At a two-day meeting starting Wednesday, an FDA advisory committee will decide whether available data links the dyes and the disorder. The panel will recommend Thursday whether the agency should further regulate dyes, do more studies on the issue or require better labeling of the additives. They could also recommend that the FDA do nothing at all.
The FDA has so far said there is no proven relationship between food dyes and hyperactivity in most children. But the agency said that for "certain susceptible children," hyperactivity and other behavioral problems may be exacerbated by food dyes and other substances in food.
Public health advocates agree that dyes do not appear to be the underlying cause of hyperactivity, but say that the effects of dyes on some children is cause enough to ban the additives. The FDA is holding the meeting in response to a 2008 petition filed by the advocacy group Center for Science in the Public Interest to ban Yellow 5, Red 40 and six other dyes.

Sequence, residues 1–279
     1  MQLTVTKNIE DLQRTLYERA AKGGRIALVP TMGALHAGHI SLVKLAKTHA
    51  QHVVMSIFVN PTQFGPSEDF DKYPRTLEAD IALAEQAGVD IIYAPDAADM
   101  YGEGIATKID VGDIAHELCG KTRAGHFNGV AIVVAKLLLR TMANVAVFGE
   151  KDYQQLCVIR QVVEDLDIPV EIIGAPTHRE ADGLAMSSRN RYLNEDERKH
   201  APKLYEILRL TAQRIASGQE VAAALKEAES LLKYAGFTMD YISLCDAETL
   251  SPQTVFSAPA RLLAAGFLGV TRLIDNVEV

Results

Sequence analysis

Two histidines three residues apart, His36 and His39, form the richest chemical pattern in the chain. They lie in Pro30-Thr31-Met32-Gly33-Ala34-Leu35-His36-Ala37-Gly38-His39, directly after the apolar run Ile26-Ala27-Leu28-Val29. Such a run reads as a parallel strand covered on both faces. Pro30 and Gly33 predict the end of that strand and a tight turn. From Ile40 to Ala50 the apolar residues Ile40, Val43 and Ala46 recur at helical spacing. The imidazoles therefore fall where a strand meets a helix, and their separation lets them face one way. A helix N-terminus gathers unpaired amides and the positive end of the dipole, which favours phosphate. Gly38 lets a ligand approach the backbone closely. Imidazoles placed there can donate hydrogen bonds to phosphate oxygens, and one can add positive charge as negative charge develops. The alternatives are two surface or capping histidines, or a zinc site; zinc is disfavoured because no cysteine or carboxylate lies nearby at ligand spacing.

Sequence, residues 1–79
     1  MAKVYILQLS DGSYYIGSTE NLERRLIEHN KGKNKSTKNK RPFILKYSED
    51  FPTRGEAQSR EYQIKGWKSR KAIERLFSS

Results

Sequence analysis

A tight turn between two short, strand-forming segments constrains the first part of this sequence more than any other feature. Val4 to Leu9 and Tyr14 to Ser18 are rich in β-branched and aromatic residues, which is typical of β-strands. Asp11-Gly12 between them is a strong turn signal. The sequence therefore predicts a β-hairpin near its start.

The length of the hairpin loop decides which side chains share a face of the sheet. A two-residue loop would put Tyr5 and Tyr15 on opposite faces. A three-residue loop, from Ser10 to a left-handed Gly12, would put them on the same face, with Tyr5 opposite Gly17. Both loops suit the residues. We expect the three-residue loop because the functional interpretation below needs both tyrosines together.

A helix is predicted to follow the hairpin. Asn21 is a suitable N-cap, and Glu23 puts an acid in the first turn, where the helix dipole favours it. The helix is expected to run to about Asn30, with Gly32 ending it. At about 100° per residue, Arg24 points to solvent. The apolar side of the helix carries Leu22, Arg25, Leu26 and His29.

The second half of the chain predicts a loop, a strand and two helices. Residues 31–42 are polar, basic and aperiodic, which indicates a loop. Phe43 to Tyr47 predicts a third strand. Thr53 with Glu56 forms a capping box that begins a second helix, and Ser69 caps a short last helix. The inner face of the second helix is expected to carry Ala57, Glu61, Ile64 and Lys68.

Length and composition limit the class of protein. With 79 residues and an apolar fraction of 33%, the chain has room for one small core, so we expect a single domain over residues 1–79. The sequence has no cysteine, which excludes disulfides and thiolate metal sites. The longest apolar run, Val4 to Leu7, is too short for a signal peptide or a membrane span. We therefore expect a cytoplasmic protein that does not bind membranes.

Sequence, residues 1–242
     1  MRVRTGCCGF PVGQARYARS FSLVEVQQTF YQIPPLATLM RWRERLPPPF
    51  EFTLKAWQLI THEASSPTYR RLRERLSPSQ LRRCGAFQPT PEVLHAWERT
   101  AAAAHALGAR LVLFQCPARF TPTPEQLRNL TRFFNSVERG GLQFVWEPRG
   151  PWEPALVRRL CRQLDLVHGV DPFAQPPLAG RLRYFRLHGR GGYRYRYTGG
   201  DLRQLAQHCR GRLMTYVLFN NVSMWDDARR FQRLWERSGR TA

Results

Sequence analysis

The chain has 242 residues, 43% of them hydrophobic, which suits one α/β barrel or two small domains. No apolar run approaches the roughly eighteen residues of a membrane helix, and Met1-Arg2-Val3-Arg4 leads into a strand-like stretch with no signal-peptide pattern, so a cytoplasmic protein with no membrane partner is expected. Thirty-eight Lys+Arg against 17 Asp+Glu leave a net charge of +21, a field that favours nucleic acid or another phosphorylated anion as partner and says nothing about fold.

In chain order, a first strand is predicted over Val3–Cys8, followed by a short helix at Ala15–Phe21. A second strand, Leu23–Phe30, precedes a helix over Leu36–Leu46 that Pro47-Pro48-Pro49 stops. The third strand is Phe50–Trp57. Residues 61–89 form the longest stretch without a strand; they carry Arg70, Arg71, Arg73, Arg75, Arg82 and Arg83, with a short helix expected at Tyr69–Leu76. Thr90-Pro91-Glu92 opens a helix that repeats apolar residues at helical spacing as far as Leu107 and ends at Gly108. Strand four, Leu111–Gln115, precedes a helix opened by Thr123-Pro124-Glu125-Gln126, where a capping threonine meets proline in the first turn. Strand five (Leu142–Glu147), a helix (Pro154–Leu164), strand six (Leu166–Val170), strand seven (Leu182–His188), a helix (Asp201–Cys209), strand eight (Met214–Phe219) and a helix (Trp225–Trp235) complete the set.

Michael Jacobson, the director of that group, said at the meeting Wednesday that the only reason that dyes exist in food is to trick consumers. Some manufacturers use less dyes in the same foods sold in Europe because of concerns there over hyperactivity.
"Dyes are often used to make junk food more attractive to young children, or to simulate the presence of a healthful fruit or other natural ingredient," Jacobson said. "Dyes would not be missed in the food supply except by the dye manufacturers."
Jacobson conceded that completely banning the dyes would be difficult, urging the FDA to at least put warnings on food package labels.
Scientists and public advocates have debated the issue for more than 30 years as the use of dyes in food has steadily risen. The advisory panel is sifting through a variety of studies over the two-day meeting, some showing more of a relationship between dyes and hyperactivity than others.
The food industry is warning consumers not to rush to judgment. David Schmidt, president and CEO of International Food Information Council Foundation, a food-industry funded group, said dyes help consumers enjoy their food by maintaining or improving appearance.
Suggesting a link between the color additives and attention deficit disorder in children "could have unintended consequences, including unnecessarily frightening consumers about safe ingredients that are consumed every day," he said.